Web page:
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Economics 3400 Prof. Duane W.

Rockerbie
Money and Banking University Hall, C-584
Fall 2017 Phone / Fax: 329-2517
E-mail: rockerbie@uleth.ca

Prerequisites:

Economics 1012.

Time and Room:

Lectures are Tuesday and Thursday, 10:50 – 12:05 in room W-400. Please be on time.

Course Description:

Economics 3400 introduces the student to an economic treatment of money and banking. Specifically, the
course shall focus on a number of topics: what is money and why is it used?; the history and workings of
the Canadian banking system; the Canadian money supply process; the interaction of money demand and
money supply in determining interest rates, prices and income; domestic monetary policy; and banking
systems in other countries. An introduction to theoretical monetary economics will be conducted,
principally using the IS-MP model that incorporates monetary rules. In addition much discussion of current
economic events will done. Students interested in this field should consider taking Economics 4400 where
more advanced models are discussed.

Course Text:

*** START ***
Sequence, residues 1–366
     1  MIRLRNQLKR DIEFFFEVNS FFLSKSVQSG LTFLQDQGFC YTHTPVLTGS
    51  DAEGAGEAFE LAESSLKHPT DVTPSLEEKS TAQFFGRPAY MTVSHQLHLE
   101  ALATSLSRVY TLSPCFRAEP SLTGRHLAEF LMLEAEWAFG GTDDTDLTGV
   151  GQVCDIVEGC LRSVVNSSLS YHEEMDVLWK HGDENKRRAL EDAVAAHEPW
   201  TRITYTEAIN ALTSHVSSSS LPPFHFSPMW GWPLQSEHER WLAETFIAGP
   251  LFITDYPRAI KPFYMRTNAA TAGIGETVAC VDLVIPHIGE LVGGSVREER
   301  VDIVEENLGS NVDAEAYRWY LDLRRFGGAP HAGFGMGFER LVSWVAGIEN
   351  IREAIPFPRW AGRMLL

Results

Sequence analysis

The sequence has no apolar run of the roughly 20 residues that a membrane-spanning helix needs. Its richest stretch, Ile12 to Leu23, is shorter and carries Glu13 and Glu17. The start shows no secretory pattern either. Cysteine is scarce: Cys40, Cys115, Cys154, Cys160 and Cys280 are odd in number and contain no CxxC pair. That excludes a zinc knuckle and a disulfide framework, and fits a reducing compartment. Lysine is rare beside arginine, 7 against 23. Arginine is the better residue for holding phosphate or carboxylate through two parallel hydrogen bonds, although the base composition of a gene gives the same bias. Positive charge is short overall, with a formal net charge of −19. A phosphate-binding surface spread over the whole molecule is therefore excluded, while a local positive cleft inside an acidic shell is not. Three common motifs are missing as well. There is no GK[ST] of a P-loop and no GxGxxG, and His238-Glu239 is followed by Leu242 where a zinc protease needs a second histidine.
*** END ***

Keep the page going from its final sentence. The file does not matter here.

Frederick Mishkin and Apostolos Serletis. The Economics of Money, Banking and Financial Markets.
Sixth Canadian Edition. Pearson Canada Inc 2016. ISBN: 978-0-13-389738-8

Course Grading:

Mid-Term exams: 2 at 20% each


Final exam: 30%
Assignments: 30%

These percentages are fairly rigid, however provision exists for some minor adjustment if a student has
shown considerable improvement during the course. Students are expected to attend exams promptly. If a
student cannot attend an exam for a valid reason (at my discretion), please inform me in advance so an
alternate time can be arranged. Exam dates will be announced well in advance and will be available on the
webpage, in addition to assignments. Weekly quizzes will be completed on the MyLab web site. Details
how to access the web site will be provided in an email to each student. There will be no quiz the week of
an exam.
Course Readings:

1. What is money and why bother? Chapters 1-3


2. Financial intermediaries and instruments. Chapter 3
3. Financial institutions and regulations Chapter 8, 10, 12

Exam I

4. The role of the Bank of Canada Chapter 14


5. Money creation, tools and targets Chapters 15-17

Exam II

6. The IS-MP model of monetary policy Chapters 21-22


7. The AD-AS model and expectations Chapters 23-24

Final Exam

The date of each mid-term exam will be announced well in advance. If there is a difficulty in attending a
mid-term exam for a valid reason (medical, university athletics, etc.), please consult with me prior to the
exam date. However the validity of your reason is determined by myself. The date of the final exam is
December 15, 2:00-4:00. Please make your plans accordingly. Final exam attendance is not negotiable,
however if a student has a valid reason to miss the exam, please consult with an Arts and Science advisor.

The university regulations regarding academic offenses is outline on pages 69-70 of the university calendar.
Please insure that you do your own work.